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The Twentieth was the American Century. Why? As an economist I’ve read all the theories, mostly revolving around Yankee Ingenuity. Americans, they said, were a special breed bubbling out of a melting pot that assimilated the best of yearning emigrants. These were people who were enthused by a work ethic which was reinforced by a level of economic opportunity and mobility that may never before have existed. Okay, perhaps there's a hair of truth to the huddled masses theory of economic development. More probably it emerged from the rest of the world's lack of anger management.
When your natural competitors bomb the crap out of one another not once, but twice in the same five decade span, well it's hard for them to turn rubble into plowshares, rap music, or Fords. So, protected behind two very large moats, America became the only market to people too war crazed to provide for themselves. In return for Fords America imported the family jewels of Europe and Asia.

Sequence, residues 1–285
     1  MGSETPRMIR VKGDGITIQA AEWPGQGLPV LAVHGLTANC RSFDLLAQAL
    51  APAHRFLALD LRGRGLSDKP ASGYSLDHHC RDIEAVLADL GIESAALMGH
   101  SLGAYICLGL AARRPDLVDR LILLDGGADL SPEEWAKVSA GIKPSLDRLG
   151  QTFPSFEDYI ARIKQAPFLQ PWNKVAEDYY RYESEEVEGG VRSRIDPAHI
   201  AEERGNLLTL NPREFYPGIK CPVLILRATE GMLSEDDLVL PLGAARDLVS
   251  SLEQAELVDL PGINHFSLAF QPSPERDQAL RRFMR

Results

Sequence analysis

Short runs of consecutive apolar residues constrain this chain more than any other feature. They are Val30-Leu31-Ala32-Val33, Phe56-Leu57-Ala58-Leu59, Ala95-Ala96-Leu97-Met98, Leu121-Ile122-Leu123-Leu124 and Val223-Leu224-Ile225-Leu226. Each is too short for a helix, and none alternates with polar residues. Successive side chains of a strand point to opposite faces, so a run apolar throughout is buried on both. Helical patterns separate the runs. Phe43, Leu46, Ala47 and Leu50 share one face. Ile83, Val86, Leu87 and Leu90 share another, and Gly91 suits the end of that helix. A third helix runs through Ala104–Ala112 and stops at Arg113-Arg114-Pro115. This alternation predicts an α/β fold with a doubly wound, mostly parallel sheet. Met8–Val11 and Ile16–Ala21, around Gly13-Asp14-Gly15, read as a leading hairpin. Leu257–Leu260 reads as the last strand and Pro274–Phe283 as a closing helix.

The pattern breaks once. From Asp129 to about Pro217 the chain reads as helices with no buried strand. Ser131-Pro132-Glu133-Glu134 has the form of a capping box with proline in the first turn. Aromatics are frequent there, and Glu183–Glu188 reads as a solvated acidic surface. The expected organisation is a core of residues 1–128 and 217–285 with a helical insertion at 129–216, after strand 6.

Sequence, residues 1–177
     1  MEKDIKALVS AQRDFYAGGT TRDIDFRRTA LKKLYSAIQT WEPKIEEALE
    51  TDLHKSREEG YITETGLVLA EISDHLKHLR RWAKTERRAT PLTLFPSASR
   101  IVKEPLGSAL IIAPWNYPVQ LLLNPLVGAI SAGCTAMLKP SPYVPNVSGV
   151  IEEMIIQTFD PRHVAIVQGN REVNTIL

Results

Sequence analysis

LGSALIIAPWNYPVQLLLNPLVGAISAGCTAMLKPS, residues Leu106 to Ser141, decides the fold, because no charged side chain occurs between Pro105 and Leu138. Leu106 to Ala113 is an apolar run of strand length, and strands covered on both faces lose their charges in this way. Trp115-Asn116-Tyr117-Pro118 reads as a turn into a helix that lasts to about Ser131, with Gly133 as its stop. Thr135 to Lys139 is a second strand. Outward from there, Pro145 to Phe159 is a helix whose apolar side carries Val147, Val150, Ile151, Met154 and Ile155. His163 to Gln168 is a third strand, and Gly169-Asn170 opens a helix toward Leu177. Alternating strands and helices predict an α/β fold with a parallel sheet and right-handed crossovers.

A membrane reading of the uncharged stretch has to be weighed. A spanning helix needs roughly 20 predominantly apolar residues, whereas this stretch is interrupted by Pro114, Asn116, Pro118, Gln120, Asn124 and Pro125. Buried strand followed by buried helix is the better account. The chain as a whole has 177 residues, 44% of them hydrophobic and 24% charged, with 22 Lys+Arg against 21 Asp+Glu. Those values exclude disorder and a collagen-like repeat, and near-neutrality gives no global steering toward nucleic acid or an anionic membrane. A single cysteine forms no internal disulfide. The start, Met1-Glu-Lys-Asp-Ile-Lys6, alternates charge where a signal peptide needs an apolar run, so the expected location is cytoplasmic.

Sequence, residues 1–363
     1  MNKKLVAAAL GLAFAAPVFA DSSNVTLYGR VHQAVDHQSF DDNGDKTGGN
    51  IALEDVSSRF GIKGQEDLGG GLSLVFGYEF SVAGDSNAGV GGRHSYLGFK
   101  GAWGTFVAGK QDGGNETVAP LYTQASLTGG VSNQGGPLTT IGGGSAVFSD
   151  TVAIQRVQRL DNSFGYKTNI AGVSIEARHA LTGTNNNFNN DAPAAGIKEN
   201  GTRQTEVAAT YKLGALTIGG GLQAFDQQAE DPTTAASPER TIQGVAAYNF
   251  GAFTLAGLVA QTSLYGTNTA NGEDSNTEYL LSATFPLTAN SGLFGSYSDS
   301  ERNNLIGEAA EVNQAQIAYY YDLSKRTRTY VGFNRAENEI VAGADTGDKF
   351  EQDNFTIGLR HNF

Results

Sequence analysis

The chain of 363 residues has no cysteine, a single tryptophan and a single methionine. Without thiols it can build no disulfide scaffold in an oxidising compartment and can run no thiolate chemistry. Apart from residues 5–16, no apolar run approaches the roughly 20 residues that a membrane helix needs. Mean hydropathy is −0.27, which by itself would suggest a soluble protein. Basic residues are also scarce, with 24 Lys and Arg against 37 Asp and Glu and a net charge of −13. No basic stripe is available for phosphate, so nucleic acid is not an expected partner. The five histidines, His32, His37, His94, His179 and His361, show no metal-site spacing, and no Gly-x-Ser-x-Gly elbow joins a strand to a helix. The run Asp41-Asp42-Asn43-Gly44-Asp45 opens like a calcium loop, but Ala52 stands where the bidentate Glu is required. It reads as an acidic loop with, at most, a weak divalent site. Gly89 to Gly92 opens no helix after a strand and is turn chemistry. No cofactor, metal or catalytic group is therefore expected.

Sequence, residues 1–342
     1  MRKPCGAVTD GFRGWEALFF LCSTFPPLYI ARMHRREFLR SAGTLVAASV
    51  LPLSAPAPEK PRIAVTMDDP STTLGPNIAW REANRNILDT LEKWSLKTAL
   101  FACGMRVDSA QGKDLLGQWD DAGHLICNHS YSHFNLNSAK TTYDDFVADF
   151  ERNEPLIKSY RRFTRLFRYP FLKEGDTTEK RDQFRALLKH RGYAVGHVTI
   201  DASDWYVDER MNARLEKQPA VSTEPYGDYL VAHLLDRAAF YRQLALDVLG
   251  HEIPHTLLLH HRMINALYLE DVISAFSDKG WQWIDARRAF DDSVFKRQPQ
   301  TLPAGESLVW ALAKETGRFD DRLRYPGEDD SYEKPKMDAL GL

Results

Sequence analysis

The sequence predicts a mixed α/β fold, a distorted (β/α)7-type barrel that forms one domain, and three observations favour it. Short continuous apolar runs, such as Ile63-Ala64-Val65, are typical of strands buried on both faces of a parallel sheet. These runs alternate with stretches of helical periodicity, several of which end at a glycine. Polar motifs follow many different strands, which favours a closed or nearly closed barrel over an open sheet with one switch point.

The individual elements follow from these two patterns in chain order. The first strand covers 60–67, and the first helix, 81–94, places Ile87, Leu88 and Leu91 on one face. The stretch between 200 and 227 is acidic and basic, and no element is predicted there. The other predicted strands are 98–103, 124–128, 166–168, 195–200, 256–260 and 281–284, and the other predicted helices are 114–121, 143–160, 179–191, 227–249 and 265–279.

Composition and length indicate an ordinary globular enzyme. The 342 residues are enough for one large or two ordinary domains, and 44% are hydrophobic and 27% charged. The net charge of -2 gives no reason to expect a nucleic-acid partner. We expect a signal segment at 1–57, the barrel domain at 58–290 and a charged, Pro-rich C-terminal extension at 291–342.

But over the course of the next five decades, the competition ramped down their nastiness, or at least relegated it to the noisy Balkans and the snarling Mid-East where they were sufficiently gracious to allow Americans to tend to the nasties with that large part of their budget that was siphoned off into police-protection-for-the-world.
And while the U.S. shifted taxed-away bucks into planes, tanks, and bombs, the old competitors shifted their savings into factories, machines, and education. Now they've built efficient new devices to produce far better stuff than Fords which wheeze out of fifty year old plants, produced under fifty year old work rules, by workers with benefit packages designed to be financed by the competitors' family jewels fifty years back.
Sometimes I fear that the accidental century is as over as the cog and lightning bolt on a rusting Ford medallion sitting unprotected against the snow.